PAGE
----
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Second Chance Month: What Is It All About?

According to the Department of Justice about 650,000 to 750,000 people are released from incarceration facilities in the U.S. every year. Each of them then begins the journey to reintegrate into their families and society at large.

However, they do not begin on a blank or familiar slate.

On one hand, returning citizens have to catch up on everything that changed while they were away; lifestyle, community structures, professional practices, and much more.

On the other, they also need to positively rebuild their lives to avoid regressing into a life of crime. All this while possibly restoring relationships that were disrupted by incarceration and overcoming the stigma of having served time.

To put it briefly, reentry is not easy. Yet, at the same time, we (in society) need it to work so that we can keep recidivism low and our brothers, sisters, parents, or friends away from re-incarceration.

These concerns have been plaguing society for as long as correctional institutions have been functional in the U.S. To their credit, a few organizations have been making efforts to help returning citizens make successful reentry over the years. Unfortunately, this was barely coordinated and they hardly had any support.

So, in April 2016, the DOJ took the initiative to hold a National Reentry Week in a bid to lower recidivism and tackle the long-standing hurdles of reentry. The events, resources, and information shared during that week were inspiring. More importantly, they were eye-opening enough to help legislators, community leaders, and other stakeholders see that returning citizens not only deserve but can make a positive turnaround when given a second chance.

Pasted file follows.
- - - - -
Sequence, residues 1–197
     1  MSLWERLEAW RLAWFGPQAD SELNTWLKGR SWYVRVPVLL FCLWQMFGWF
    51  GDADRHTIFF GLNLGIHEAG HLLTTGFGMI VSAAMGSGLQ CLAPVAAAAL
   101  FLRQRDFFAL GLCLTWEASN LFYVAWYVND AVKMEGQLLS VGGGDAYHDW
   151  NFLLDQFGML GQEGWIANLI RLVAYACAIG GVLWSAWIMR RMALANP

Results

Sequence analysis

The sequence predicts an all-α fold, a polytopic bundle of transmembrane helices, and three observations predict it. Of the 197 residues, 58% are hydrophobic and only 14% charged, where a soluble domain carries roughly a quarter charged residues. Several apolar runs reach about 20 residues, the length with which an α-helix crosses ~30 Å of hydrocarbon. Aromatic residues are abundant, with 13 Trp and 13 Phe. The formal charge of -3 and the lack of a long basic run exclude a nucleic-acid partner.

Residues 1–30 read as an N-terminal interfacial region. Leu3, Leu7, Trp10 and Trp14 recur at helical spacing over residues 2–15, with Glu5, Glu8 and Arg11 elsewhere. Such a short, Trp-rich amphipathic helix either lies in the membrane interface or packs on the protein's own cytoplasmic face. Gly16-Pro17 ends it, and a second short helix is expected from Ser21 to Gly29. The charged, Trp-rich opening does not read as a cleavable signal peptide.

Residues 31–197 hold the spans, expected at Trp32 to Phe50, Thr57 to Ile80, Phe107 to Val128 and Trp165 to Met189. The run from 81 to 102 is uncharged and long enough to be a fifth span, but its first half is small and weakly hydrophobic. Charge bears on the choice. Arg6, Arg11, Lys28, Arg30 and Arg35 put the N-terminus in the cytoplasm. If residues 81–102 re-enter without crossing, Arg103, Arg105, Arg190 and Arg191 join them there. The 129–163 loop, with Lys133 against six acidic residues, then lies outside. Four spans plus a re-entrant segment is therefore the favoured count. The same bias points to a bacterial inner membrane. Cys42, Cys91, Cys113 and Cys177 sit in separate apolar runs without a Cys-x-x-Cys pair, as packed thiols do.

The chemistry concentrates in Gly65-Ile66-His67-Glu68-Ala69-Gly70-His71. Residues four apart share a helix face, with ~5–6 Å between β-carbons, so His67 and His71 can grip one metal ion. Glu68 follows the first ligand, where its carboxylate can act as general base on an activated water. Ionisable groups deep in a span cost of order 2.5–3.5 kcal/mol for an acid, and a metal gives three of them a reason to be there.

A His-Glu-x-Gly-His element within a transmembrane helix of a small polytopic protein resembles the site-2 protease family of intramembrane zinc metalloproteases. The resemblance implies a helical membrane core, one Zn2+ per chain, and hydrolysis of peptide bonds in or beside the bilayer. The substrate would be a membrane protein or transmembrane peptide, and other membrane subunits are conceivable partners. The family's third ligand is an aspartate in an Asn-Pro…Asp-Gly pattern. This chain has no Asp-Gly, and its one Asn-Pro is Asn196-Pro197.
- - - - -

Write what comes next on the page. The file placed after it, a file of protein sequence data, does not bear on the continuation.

In 2017, the Prison Fellowship took the cue and declared April to be Second Chance Month. This too was marked by a series of events centered around how returning citizens can prepare for and navigate reentry as well as how society and relevant organizations can support this journey.

Better still, this garnered the support of the U.S. Senate and led to the White House proclaiming April of each subsequent year as Second Chance month.

But, what exactly is the essence of Second Chance month? Is it just a series of events for stakeholders in the justice system?

Well, the events, podcasts, financial aid initiatives, and conversations are certainly key aspects of this important month. However, the true goal is to encourage all of us to support returning citizens in our communities.

The truth is, the justice system does not exist in a bubble. It affects all of us. It could be directly through friends or family that are serving time or set to reenter society soon. Alternatively, it could be indirectly because high recidivism often means a higher rate of crime in your community and more resources being spent on incarceration.

So, this April, we hope you embrace the beautiful burst of spring and also join us in observing Second Chance month. Not sure how to participate? You can begin by donating a reentry workbook or staying tuned to our blog and social media pages for news on events and ways for you to support the cause.

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